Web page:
When Guide finished her report, I laughed and said, “So what you’re saying is, the Homefront you built for this home territory still isn’t baby shrew proof?”

“Yeah but…” Guide shot back seriously.

“Yeah but what?” I laughed. “Where’s that entry hole?”

“Give me a break! Baby shrews are so small it could have wiggled through a crack.”

“Good one Guide…I thought you were going to say it was trapped inside the crawl along with the larger shrew you caught in the last chapter. That would have been a better story.”

Guide just stood (quietly pissed) and stared through me for a moment or two, before she said, “I’m going to add a few buckets of gravel to my Homefront before you spray your chemicals.”

“Don’t say it that way,” I said as I watched Guide grab 2 buckets of gravel from the van. “You know how the humans think. Chemicals mean clean, and cleanliness is next to godliness. And god is good. Try to think of it like applying salt to meat…for preservation of the earth.”

“Good one, Predator!” Guide chuckled, trying to laugh at my geeky joke. “Salt was one of the original pesticides, but it tastes a lot better on potatoes than fipronil does.”

“Why don’t you ask our human Jake what fipronil tastes like?”

I followed Guide to the chimney where she added a layer of gravel over the exclusion work she did in the last chapter. Just because she’s obsessive.

“What are you talking about?” Guide asked. “Jake doesn’t know much of anything.”

“The same chemical I’m about to apply to the foundation of The Little Home is the same chemical Farmer Emily puts on Pip the Evergreen Jungle Cat to kill its fleas. The EPA is worried enough about the toxicity of fipronil to restrict its use to 2 applications per site per year. Never mind the fact I had to pass an official US government test to earn the right to spray chemicals on the land body of Oregon.”

“So what does that have to do with Jake?”

“That’s why he’s so dumb,” I laughed as I imagined the scene. “As soon as we let him punch out for the day, the first thing he does is grab a bag of potato chips, face The Fourth Wall of his TV screen, and pet Pip the Evergreen Jungle Cat. Oh he knows how fipronil tastes, for sure…”

“A drop or two of fipronil is much different than a quarter of a gallon.”

I heard her, but I wasn’t listening. “I bet fipronil is the umami of pesticides…that taste you can’t quite place, but can’t do without.”

“Wasn’t tobacco, at one point, used as a pesticide too?”

“For sure,” I replied. “And our human smoked for over a decade before he finally quit. He must have been using it to treat some kind of a character-based infestation.”

“Heck if I know,” Guide said as she stretched out, like a cat, across the picnic table and faced the sun dancing through the evergreens. “Ask Bookmaker. I’m clocking out.”

With that, Guide propped her owl mask on her nose like a cowboy and drifted off to dreamland as fast as if some wizard had walked by and cast a sleeping spell on her.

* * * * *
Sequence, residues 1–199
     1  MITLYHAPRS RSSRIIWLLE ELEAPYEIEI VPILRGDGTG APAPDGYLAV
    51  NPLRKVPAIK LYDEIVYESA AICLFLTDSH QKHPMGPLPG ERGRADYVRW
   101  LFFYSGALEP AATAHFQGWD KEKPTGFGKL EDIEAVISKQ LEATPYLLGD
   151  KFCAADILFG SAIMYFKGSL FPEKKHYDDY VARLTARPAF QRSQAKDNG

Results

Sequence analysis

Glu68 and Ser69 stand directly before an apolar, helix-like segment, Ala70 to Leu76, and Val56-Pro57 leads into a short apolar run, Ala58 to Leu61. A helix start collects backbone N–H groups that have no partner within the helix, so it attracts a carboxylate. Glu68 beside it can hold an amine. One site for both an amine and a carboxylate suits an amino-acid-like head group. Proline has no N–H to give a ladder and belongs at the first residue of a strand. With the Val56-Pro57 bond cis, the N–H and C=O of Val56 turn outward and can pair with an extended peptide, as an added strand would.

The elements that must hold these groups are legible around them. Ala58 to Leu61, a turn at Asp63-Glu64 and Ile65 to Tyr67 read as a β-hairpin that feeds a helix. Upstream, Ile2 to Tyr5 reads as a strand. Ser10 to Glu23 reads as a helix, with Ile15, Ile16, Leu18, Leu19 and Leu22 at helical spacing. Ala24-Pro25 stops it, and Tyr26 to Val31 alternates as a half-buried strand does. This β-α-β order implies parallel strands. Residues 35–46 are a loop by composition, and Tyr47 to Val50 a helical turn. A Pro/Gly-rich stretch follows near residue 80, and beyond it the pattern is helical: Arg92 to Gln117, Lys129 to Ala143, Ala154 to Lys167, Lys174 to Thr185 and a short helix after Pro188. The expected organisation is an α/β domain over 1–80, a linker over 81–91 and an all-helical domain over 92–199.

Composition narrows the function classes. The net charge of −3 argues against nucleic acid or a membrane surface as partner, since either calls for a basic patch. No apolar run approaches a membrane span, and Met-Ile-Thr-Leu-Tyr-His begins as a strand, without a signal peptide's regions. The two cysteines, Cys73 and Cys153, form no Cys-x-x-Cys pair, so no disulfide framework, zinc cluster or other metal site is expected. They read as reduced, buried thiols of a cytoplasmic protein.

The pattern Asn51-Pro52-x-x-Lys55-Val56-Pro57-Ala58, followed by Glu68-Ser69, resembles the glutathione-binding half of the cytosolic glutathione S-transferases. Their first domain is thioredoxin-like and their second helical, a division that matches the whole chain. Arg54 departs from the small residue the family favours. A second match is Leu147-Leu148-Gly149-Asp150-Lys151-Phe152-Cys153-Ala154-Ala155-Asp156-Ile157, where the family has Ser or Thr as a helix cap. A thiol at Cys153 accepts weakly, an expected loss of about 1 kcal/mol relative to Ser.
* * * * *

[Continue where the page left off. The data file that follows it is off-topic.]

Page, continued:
Left alone to do my work, I didn’t waste any time. After I spent a good half an hour hunting Eddie’s territory for ants (and finding nothing but a few winged reproductives and unimpressive trails) I decided to mark The Little Home with chemicals.

For those of you who know nothing about The Action of ants, you might be tempted to believe in the chemical industry’s interpretation of what they call “barrier treatments.” They think of the spraying of chemicals around a foundation like its a rat trap, or something, that can be left behind to kill the ants each time they journey in or out, or “breath” (as I call it), from the pores of the home. The math on that idea is strange, because (although its true, ants do breath in and out of homes along the foundation) its also true that they don’t do that all the time. Weather depending, ants may not travel inside to forage for weeks, or months, at a time. So how effective is that trap really?

Besides, in spite of what the chemical industry says, the best non-repellant every company uses for ants (Termidor/fipronil) is not really a full non-repellant. It has repellant qualities, which makes it great for marking territories. Basically, the message I send to the ants when I apply a barrier treatment is “Whoa! Like stop foraging dude…and have a drink with me. Don’t worry, you can go back to work foraging (like Captain Bug Killer wants) after a few drinks. The boss will never know.”

As any drinker knows, “a few drinks” is rarely a few. And most of the time, it’s enough to shut down the work day completely. So it goes with ants and foundation treatments.

The best way to hunt ant infestations is always, in every case, directly. That’s why, after I marked the foundation with my chemical control and baited the exterior and crawlspace with a weather resistant granular bait called Niban, I put together a box of emergency pest control goodies.

The idea is, “strike when the iron is hot.” No different from treating a rash, it does no good to put ointment on a rash before you get it. When you find ants trailing outside, all you need to do is break out the PEST EMERGENCY BOX and place either sugar or granular bait on their trail.

Then again, I don’t treat ants. They’re not a rash, disease, or disorder. I hunt them, and hopefully the good humans who love The Little Home will now be able to hunt them too.

Chapter 6 (Summer 2020): The Home from The Little Home Away from Home

The Dialogue